Don’t shield workers from bad news during a downturn. It’s important to keep them involved in the business or else risk a backlash
The MGM Grand is well-known in academic and consulting circles for its focus on engaged employees. Charles A. Scherbaum, an associate professor in the psychology department at Baruch College, City University of New York, praises the company and Aziz for understanding the payoff from stimulating its 10,000 employees. “There are a lot of great hotels in Vegas,” says Scherbaum. “What’s going to differentiate MGM Grand? It’s service, and that’s the employees.”
For Scherbaum, the test for MGM Grand and all employers comes now, in the downturn. Will they maintain their commitment to their people, or change their tune and anger employees used to being heard? “In more difficult times, employee engagement is more critical,” Scherbaum says. “Managers have to make a lot of negative decisions with real impact on employees. [For the MGM Grand,] 96% occupancy won’t continue. What’s going to happen when they have to cut back on staff?”
Historically, management that have worked to engage employees in good times often tried to shield them from bad news in a downturn. That’s a big disappointment to staff that’s used to being involved deeply in the business, Scherbaum says. He advises companies with engaged work forces to keep right on with these policies or risk a backlash.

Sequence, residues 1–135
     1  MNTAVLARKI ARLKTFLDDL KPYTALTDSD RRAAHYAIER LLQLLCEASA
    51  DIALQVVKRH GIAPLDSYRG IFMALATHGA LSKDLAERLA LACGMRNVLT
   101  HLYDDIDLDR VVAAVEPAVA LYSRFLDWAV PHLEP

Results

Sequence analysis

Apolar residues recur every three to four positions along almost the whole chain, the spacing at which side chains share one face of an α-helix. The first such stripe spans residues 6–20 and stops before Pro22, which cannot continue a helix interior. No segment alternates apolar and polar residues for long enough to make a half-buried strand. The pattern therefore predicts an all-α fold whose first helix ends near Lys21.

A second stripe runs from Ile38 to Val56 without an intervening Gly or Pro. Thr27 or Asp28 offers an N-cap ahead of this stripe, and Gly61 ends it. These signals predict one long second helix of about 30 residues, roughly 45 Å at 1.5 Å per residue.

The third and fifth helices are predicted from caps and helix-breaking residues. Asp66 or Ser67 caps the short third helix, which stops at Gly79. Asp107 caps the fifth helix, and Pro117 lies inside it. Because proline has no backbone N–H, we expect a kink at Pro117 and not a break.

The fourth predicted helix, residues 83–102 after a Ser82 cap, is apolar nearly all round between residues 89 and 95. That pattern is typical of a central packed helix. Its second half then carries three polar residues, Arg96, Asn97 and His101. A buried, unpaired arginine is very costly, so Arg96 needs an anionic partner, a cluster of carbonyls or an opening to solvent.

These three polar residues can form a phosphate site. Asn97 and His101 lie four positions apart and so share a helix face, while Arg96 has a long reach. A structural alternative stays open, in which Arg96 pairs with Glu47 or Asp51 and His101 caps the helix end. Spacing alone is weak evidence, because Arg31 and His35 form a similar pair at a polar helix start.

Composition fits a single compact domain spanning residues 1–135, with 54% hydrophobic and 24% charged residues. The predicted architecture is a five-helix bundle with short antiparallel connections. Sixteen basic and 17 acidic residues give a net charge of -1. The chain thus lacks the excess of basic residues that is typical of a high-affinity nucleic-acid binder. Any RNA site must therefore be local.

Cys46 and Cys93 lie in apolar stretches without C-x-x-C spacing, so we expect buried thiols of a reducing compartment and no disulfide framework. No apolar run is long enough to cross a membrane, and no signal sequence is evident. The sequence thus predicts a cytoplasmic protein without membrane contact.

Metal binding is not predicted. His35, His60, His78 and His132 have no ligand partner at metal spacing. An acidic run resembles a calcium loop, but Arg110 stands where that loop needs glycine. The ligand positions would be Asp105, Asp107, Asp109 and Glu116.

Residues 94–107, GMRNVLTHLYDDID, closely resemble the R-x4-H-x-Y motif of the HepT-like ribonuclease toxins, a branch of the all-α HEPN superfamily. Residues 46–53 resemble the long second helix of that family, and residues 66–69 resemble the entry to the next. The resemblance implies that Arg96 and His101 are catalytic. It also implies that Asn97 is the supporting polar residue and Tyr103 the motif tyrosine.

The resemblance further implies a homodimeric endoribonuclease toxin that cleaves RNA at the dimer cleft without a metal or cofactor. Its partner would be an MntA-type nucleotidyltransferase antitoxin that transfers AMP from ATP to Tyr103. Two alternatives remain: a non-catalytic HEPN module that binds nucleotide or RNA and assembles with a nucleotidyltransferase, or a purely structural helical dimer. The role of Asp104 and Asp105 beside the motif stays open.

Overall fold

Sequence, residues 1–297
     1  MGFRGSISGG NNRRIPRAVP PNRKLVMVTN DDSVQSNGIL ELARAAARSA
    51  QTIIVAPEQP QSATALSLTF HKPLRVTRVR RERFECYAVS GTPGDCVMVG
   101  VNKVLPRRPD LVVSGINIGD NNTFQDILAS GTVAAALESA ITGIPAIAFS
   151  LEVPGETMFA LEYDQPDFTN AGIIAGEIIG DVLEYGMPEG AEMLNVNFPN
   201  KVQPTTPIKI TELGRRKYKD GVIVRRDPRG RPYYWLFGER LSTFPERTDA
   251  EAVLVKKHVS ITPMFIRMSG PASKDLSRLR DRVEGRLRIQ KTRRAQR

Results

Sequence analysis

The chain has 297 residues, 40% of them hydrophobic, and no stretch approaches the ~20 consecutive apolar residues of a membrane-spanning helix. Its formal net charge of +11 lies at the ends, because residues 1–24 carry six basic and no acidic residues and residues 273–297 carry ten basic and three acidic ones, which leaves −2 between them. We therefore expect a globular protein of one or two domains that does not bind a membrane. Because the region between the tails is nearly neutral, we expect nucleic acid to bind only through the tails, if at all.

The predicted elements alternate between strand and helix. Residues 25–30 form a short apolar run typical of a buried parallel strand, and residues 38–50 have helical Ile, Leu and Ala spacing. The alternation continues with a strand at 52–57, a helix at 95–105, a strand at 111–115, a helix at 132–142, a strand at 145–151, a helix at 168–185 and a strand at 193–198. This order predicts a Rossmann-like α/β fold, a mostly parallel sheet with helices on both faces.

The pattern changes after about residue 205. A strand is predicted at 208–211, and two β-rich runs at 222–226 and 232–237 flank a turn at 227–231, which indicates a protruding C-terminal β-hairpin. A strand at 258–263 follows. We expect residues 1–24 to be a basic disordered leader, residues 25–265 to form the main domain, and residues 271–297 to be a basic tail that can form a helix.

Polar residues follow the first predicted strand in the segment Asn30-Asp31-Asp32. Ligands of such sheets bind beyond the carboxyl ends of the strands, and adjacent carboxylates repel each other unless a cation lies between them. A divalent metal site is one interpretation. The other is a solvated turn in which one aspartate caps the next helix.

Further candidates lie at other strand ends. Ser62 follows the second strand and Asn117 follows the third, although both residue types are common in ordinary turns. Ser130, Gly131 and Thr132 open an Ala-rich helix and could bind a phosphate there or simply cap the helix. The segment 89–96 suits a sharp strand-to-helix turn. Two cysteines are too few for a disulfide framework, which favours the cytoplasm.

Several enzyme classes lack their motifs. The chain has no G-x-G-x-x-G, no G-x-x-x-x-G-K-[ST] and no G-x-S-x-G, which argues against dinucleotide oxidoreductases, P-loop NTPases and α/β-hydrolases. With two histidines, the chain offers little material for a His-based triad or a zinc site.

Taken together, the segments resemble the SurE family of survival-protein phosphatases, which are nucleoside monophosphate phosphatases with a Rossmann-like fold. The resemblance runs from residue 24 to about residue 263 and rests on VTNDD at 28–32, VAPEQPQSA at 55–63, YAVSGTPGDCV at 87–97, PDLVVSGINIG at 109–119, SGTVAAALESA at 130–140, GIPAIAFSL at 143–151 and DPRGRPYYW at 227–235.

Aziz agrees and has worked to keep employees aware of the challenges, including the broader capital crisis, group cancellations, and the fact that guests are not spending as much per visit. Every challenge he faces in the corner office, the rank and file is aware of on some level, the CEO says.
But for all the right moves Aziz has made, Scherbaum thinks his decision to cut funding for some of his leadership initiatives is a mistake that could prove short-sighted. The MGM Grand may have enough qualified managers now, but “they run the risk of having a dearth when things rebound and they really need them,” he warns.